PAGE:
DementedPurple wrote:Speaking of stuff be[/img]ing imported to other countries, in Korea, they had a ban on imports from Japan, so in order for Japanese companies like Sega to sell their consoles in Korea, they gave Samsung the right to sell their consoles, which lead to a SMS clone called "The Gam Boy" Totally original guys!
93143 wrote:The NES was the Hyundai Comboy in Korea. It seems the Korean naming sense is fairly distinctive... yeah, that must be it...
As was stated earlier, Hyundai licensed Nintendo products, not Samsung.DementedPurple wrote:I think they were able to get away with that name because Samsung was not only working with Sega but also with Nintendo, so they had rights to both the Sega Master System and Game Boy.
The NES was released as the Hyundai Comboy (surprisingly based off of the North American model) in 1989, although multiple mass marketed Famiclones were already on the market. In fact, despite its officially licensed presence, all Korean exclusive games were developed for famiclones.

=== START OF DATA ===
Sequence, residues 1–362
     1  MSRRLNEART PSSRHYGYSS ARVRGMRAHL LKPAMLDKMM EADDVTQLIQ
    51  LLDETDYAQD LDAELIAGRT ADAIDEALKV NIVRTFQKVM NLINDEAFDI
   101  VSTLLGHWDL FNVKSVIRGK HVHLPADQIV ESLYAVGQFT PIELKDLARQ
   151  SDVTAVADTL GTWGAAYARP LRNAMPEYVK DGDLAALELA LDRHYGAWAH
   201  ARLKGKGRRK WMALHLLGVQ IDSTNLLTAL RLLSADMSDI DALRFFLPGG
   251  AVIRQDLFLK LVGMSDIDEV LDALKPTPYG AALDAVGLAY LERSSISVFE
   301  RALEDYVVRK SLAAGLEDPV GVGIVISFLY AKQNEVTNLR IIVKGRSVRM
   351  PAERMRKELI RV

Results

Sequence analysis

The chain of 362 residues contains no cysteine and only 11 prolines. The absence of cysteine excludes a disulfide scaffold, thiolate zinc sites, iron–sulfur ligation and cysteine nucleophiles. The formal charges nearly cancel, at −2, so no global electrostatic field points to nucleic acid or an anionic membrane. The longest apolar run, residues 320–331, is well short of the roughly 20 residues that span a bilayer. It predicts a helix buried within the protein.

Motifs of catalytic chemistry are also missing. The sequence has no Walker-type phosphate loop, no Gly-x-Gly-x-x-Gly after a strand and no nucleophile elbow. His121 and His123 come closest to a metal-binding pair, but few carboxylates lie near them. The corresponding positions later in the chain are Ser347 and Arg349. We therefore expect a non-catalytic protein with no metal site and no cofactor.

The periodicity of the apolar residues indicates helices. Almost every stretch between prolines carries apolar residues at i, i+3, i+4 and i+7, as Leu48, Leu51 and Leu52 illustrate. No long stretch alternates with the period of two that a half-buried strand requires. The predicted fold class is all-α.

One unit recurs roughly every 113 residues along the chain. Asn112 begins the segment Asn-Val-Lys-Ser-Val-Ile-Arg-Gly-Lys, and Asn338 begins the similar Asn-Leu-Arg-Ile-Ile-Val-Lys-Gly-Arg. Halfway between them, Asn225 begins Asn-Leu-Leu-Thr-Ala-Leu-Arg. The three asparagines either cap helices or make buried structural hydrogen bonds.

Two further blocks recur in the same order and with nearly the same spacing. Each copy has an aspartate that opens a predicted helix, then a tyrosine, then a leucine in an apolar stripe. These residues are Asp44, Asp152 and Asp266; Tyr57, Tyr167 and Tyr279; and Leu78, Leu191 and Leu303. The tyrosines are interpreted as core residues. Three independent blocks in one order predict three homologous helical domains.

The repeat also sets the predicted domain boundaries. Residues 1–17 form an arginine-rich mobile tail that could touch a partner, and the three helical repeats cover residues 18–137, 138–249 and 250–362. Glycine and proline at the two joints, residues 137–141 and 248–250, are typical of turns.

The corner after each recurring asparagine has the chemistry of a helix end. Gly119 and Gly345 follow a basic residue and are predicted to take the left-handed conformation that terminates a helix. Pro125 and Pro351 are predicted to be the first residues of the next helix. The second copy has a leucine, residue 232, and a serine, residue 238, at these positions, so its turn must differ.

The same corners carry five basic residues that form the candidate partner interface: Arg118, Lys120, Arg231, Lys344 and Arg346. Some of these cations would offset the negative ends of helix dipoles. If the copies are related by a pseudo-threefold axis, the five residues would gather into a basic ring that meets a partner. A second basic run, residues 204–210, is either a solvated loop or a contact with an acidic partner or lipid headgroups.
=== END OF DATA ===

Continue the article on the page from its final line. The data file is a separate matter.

Hyundai would later release the Game Boy as the Mini Comboy, as well as a Super Comboy (based off of the Super Famicom this time around), and the Comboy 64.
Samsung licensed Sega products, and your implication that the Samsung Gam*Boy was named after the Game Boy may or may not be true. However, the Gam*Boy was released in the same month in Korea as the Game Boy launched in Japan (April 1989). Considering the cultural embargo on Japanese products (and the heavy localization of Japanese-based media aired in Korea at the time), I don't know how aware the average consumer would have been of the upcoming Game Boy, so I don't believe there would have been any merit in an intentional similarity.
These weren't the only instances of licensed consoles in Korea either, Daewoo sold MSX compatible machines under the name, Zemmix.